A new pub is coming to Henderson Avenue from one of Dallas' pub pioneers: Feargal McKinney, owner of Old Monk, who snagged the space vacated by J. Black's, the Austin spinoff that closed on May 2 after five years in the space.
"I'm excited to do something fresh and new in the neighborhood I know so well," McKinney says. He doesn't have a name set in stone; for the time being, he's calling it Skellig, after a pair of islands off the coast of Ireland.
McKinney was early on Henderson Avenue: It was 17 years ago that he opened Old Monk, which had a hand in making Henderson Avenue the entertainment hub it is today. And in a scenario that defies the usual Dallas drill, the crowd at Old Monk has not ebbed. Nor has it ebbed at Idle Rich or Blackfriar Pub, McKinney's two similar yet not identical pubs in Uptown.
"We've never been busier," McKinney says. "We've been so lucky with the Old Monk. And I do like Henderson Avenue. It's pretty exciting with all the changes that have been coming there."
McKinney had been itching to do something new. "I was looking in East Dallas in general," he says. "There's a lot of excitement on Greenville Avenue too, which is great to see after the street went through such bad times. But when the J. Black's space became available, I struck a deal with the landlord."
He won't have much renovation to do. "The work that J. Black's did was still in great shape," he says. "We'll do a remodel, and then menu and drinks development. I'm looking at October to open, but we're not in a rush."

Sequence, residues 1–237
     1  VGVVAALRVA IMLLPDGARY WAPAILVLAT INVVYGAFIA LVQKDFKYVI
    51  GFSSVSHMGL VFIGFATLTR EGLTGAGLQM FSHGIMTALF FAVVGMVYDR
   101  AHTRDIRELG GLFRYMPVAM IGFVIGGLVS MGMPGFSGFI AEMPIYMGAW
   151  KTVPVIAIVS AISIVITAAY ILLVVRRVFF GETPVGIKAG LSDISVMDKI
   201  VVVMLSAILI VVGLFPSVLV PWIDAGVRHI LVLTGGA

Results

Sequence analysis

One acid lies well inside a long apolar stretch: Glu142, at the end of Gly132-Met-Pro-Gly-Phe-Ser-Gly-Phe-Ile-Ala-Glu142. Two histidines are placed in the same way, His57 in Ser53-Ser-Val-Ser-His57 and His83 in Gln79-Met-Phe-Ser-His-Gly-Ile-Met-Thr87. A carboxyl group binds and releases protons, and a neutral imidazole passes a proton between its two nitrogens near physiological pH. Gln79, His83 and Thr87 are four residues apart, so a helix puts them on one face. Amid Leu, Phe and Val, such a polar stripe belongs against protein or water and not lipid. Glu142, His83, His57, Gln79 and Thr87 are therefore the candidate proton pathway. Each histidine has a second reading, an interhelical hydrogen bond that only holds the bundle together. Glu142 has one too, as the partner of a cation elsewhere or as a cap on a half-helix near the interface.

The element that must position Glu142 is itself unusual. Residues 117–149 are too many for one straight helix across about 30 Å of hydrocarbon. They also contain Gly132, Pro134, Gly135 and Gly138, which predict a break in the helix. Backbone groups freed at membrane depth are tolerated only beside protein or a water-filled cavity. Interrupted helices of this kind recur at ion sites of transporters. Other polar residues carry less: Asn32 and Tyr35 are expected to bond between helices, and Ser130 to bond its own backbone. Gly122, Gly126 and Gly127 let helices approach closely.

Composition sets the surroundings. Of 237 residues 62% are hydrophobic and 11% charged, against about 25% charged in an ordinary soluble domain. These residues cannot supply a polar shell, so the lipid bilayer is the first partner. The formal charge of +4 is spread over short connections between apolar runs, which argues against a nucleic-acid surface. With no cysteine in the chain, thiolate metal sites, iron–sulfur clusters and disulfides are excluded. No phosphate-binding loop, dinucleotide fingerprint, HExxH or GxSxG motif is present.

He has some ideas about what the new pub will be, but they're not yet fully formed.
"It's not anything I can verbalize right now, other than it's going to be a pub — that's my world," he says. "But it'll be a neighborhood pub. I've lived half my life here now, so it'll be a little more local, a little more American. Sometimes it's hard to verbalize what we do. It doesn't make for stunning press. We don't have marquee chefs, we don't make the biggest headlines."
He may not make the biggest headlines, but he does successfully create a warm, hospitable atmosphere at all of his pubs, each of which is similar yet has a unique personality that matches its address. All have become reliable neighborhood destinations, with great patio action, good beer lists and good-quality pub food.
He cautions that he's using Skellig only as a temporary name and isn't committed to it. "When I was home for a visit last year, they were filming some scenes for the new Star Wars movie so it was in the news," he says. "I like the sound of it, but I haven't decided whether I'm really going to call it that or not."